To help use our snack credits and save on a few table service credits, we enjoyed snacking around the world at Epcot for lunch. There is such a variety of snacks to enjoy at this park! Do not miss it. We attempted the same thing at Hollywood Studios because our Fantasmic! dinner was at 4:15pm, and the snack choices were few and far between. For snack credit meals, Epcot and Magic Kingdom are the way to go.
The grey stuff is actually delicious.
I don't think we would ever focus on characters so much again (seeing as our kids won't be 2.5 and 5 at Disney again), and if we opted to do a dining plan in the future, we would take it down a notch. Overall we felt it was worth it for the characters and the lack of worry at least once. We used all but one table service credit and 3 snack credits, which I had banked for Starbucks (yes! fancy drinks are a snack credit!) before realizing the line would forever be 30 minutes or greater. I love my Starbucks, but not that much. (Seriously, Disney, putting one more Starbucks in each park would do you so many favors.) We were able to get our younger daughter her own meal, using our credits, when she wanted something different, and we used 6 credits total to dine at Cinderella's. (For the record, this was a cute meal and getting into the park early was amazing, but Akershus was the better experience overall, and a better bang for your credits.) The breakfast buffets hold a good deal of value, but I can understand now why people pack lunches to bring to most parks. It was the right call for us this time, and we really enjoyed the ease of the dining plan.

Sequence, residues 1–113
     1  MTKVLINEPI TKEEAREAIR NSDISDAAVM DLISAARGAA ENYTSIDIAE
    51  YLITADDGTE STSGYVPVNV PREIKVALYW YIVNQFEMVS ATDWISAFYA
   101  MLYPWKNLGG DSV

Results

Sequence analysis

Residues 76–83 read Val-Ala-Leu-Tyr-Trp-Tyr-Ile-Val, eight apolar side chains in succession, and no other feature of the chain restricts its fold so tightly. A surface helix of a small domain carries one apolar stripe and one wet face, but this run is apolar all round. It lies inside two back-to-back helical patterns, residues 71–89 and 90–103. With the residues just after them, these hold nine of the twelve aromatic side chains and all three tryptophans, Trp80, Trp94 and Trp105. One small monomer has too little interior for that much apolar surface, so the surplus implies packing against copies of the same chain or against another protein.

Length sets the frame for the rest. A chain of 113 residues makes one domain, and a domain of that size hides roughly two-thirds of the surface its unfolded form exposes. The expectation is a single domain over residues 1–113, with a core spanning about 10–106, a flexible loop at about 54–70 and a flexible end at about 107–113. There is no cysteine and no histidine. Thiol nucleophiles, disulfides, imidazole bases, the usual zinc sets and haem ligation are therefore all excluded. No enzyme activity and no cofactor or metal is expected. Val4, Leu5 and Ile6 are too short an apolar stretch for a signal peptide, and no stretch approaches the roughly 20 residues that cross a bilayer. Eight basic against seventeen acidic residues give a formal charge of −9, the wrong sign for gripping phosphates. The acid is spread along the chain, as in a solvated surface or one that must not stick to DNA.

We also received refillable mugs as part of the plan. Each person on the dining plan gets one mug, and you can fill them at any quick service restaurant at any resort. Every morning, I took our mugs and filled one with coffee, two with Coke, and we tried to wake up as our kids bounced around, ready for a park day. You can not use the mugs for milk, but you can use them for coffee, tea, juices, and all fountain beverages. Seeing as our kids need none of that, my husband got a bonus cup of soda each morning. All the kids care about is having a cool souvenir, anyway.
A word to the wise, eating all meals at Disney - the food is typical American food. The portions are huge, the salt is obvious, and the focus is largely meat, dairy, and carbs, especially on buffets. Even the salads were overdressed and most vegetables were laden with dairy and sodium. Beware the bloat. Seriously, bring some bloat tea or cranberry juice, bring some kale with you, something, because by the end we all looked like we were harboring food babies. Three days of eating salads and soup have us all feeling better.